10        Teach me to do your will, for you are my God; may your good Spirit lead me on level ground.  (NIV)


How does this man who appears to be historically isolated from the deeper truths of God pray such a “New Testament” prayer?  In verse 7, he acknowledges the lack of personal relationship with God as his personal master (Lord) ending in an afterlife in hell.  In verse 8 he is relying upon the mercy of God for his salvation, and asks to hear God’s voice concerning the direction he should go.  In verse 9 he trusts the indwelling Savior for deliverance, and asks to be led by God’s Holy Spirit in verse 10.  You may see the Father and the Holy Spirit in this prayer, but if you look closely, you may notice the third person of the trinity as well.  Since Jesus is the Father’s mercy incarnate, relying upon the mercy of God for his salvation in verse 8 is equivalent to trusting in the Messiah, who is Jesus. 


How could someone who has never heard of the historical Jesus come to know Him so well?


Heb 11:6

6          And without faith it is impossible to please God, because anyone who comes to him must believe that he exists and that he rewards those who earnestly seek him.  (NIV)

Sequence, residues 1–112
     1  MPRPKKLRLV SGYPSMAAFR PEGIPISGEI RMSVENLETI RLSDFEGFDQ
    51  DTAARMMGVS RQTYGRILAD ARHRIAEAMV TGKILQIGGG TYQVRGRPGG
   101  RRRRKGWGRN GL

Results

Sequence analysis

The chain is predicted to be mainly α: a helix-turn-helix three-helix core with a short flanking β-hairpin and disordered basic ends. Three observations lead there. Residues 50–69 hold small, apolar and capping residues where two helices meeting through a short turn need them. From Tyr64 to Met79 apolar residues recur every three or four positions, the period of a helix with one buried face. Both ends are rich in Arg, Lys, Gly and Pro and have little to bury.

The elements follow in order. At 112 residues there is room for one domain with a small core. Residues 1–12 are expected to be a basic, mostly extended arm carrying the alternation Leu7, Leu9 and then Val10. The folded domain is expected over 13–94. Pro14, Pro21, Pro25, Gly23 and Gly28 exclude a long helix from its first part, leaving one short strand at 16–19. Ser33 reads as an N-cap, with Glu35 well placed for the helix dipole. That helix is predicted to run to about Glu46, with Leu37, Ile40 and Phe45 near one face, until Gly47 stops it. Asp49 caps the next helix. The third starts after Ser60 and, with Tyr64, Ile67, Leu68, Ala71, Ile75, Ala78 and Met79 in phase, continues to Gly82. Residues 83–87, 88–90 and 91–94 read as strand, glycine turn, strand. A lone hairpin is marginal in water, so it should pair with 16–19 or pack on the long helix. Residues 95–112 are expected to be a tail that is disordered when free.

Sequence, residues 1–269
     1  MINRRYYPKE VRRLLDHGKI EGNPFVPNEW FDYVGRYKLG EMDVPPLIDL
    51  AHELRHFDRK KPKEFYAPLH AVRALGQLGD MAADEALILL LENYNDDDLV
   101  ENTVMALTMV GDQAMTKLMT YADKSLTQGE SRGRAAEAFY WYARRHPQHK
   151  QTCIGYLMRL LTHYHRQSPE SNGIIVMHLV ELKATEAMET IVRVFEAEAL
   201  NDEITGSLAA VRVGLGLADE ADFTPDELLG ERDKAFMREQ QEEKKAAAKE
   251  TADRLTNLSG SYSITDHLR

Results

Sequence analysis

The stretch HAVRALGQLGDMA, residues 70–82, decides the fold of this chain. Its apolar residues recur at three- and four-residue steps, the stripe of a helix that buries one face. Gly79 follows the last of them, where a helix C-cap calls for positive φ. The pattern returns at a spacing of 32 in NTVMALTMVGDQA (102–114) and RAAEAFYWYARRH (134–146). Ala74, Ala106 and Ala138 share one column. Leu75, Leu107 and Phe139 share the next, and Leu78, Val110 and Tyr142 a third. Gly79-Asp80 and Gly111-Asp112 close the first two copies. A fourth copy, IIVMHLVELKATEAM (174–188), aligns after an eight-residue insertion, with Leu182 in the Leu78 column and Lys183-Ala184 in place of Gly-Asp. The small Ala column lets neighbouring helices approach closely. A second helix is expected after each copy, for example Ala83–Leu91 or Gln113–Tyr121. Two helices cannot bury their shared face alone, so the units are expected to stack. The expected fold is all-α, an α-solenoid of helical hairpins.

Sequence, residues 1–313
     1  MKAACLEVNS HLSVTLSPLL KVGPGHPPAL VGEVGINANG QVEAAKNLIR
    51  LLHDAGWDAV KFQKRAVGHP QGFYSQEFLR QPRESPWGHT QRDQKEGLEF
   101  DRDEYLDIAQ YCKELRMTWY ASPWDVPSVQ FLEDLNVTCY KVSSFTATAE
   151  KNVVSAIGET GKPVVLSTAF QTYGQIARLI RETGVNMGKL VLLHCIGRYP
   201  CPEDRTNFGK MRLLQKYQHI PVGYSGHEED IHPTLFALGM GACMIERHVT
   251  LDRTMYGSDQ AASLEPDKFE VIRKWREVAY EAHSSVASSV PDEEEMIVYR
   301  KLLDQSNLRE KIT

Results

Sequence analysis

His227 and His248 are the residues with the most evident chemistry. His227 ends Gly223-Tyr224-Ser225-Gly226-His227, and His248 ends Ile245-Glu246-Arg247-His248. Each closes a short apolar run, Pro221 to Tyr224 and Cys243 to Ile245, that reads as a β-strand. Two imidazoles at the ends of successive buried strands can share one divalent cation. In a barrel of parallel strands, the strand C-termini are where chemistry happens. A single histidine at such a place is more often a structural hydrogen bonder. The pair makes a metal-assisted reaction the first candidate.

1 Chr 28:9

If you seek him, he will be found by you; but if you forsake him, he will reject you forever.  (NIV)


2 Chr 15:2

The LORD is with you when you are with him. If you seek him, he will be found by you, but if you forsake him, he will forsake you.  (NIV)


Prov 8:17

17        I love those who love me, and those who seek me find me.  (NIV)


How long can you seek the God of the Bible before you are confronted by your sin problem?   If you reread the above section on the Revelation of Christ through conscience, you will notice that all humans have the benefit of knowing that they have done wrong—sinned.  Cornelius and the Eunuch understood the gravity of their former sins, and their propensity to sin—even though they had never heard of Jesus.  When they heard of Yeshua—the solution to their sin problem, they received Him with joy.  They feared God, and they did what was right (Acts 10:35 above):  They accepted Him for who He is.


Luke 8:12-15

12        Those along the path are the ones who hear, and then the devil comes and takes away the word from their hearts, so that they may not believe and be saved.

13        Those on the rock are the ones who receive the word with joy when they hear it, but they have no root. They believe for a while, but in the time of testing they fall away.

14        The seed that fell among thorns stands for those who hear, but as they go on their way they are choked by life's worries, riches and pleasures, and they do not mature.

15        But the seed on good soil stands for those with a noble and good heart, who hear the word, retain it, and by persevering produce a crop.  (NIV)